Collective intelligence and a deliberative democratic system rest on the shoulders of a public free access to unbiased and diverse information. Social media has become a source of news and an important factor in opinion-formation. However, social media is not a neutral terrain but can be a platform for political manipulation.

This project aims to understand the cognitive, socio-affective, and neurobiological factors impacting our judgement of and response to information.This can conclude to behavioural recommendations that empower us to protect ourselves from manipulation and disinformation, and a targeted design of interventions to prevent their spread and the effective allocation of resources to protect those most vulnerable.


Paper (aiming for Communication, Nature Human Behavior or similar)

Project Partners:

  • ETH Zurich (ETHZ), Elisabeth Stockinger
  • Fondazione Bruno Kessler (FBK), Riccardo Gallotti

Primary Contact: Elisabeth Stockinger, ETH Zurich

Results Description

Despite all efforts to mitigate mis- and disinformation, they continue to be a substantial problem. This project contributed to the literature base on mis- and disinformation about social media with an analysis of the interaction effects between temporal rhythms of disinformation and social media usage in the context of the COVID-19 pandemic.
Specifically, consider how mis- and disinformation spread on Twitter varies throughout the day and whether there are individual differences in users' propensity to spread mis- and disinformation on Twitter based on the activity patterns.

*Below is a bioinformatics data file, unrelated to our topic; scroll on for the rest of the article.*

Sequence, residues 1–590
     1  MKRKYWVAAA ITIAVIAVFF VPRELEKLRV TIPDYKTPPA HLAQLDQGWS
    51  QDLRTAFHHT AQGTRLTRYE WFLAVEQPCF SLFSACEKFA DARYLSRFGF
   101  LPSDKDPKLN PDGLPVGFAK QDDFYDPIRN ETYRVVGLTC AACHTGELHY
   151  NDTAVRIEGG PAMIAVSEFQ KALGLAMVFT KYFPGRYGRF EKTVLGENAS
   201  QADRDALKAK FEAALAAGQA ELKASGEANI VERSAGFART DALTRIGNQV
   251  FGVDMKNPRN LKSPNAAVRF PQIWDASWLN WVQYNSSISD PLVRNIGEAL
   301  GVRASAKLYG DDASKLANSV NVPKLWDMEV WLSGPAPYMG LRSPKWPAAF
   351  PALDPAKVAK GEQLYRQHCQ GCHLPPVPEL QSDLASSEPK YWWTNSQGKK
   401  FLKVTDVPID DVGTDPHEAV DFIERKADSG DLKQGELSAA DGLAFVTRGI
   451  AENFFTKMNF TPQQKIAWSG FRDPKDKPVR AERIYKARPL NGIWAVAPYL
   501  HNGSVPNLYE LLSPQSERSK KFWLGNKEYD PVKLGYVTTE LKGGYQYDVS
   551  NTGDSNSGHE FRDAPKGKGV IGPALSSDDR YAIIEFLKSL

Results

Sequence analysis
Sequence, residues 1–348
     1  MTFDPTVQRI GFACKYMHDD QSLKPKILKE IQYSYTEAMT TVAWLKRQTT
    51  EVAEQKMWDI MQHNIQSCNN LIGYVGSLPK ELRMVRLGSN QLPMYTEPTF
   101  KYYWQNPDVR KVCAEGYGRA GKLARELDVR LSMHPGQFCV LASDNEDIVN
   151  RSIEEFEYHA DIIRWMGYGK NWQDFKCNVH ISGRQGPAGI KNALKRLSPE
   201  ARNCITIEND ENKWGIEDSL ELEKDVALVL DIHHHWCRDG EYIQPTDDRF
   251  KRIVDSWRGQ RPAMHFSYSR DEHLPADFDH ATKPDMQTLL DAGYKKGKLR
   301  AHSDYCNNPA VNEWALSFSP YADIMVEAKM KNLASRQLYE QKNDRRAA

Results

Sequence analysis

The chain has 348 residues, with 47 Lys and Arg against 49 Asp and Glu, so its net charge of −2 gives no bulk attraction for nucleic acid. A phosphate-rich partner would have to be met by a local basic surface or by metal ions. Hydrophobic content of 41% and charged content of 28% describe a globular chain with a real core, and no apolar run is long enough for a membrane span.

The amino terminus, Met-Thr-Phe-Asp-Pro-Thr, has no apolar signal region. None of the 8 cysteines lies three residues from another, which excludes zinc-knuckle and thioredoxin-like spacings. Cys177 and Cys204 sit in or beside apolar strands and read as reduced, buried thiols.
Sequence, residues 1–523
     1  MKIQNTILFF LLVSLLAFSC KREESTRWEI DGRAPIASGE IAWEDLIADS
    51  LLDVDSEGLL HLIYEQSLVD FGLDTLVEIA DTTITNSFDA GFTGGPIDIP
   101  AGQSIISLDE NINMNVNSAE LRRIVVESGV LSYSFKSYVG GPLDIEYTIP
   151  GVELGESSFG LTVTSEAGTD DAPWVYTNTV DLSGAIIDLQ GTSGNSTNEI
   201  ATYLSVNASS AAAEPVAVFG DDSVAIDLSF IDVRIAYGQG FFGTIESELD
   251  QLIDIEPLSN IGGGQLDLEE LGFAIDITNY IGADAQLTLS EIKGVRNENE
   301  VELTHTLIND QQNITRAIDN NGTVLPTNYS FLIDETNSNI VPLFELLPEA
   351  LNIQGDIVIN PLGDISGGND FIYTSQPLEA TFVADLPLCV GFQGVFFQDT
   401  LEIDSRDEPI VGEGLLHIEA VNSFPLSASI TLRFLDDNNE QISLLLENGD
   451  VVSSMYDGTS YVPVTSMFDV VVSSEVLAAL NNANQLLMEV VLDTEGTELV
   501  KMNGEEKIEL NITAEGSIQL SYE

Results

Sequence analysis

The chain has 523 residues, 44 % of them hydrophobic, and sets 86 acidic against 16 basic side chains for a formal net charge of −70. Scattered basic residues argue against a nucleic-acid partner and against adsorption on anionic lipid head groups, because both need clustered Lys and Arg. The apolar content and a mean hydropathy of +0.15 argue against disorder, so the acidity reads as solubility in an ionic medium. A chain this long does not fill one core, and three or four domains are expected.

We analysed a comprehensive dataset, examining the reliability of information relating the COVID-19 pandemic shared on Twitter. We clustered users into pseudo-chronotypes based on their activity patterns on Twitter throughout the day, identified times of waking and prolonged waking states per cluster as well as times of increased susceptibility.

We aggregated out results into a paper and submitted an extended abstract to the International Conference on Computational Social Science (, acceptance pending, and are in the process of preparing a paper for submission for a reputable journal.

Elisabeth Stockinger from ETHZ spent a 3-week mobility period at FBK in Trento, Italy, to work with the partner directly. She has continued the collaboration as a virtual visiting student.


We submitted an extended abstract to the International Conference on Computational Social Science (, acceptance pending.

Links to Tangible results

None yet.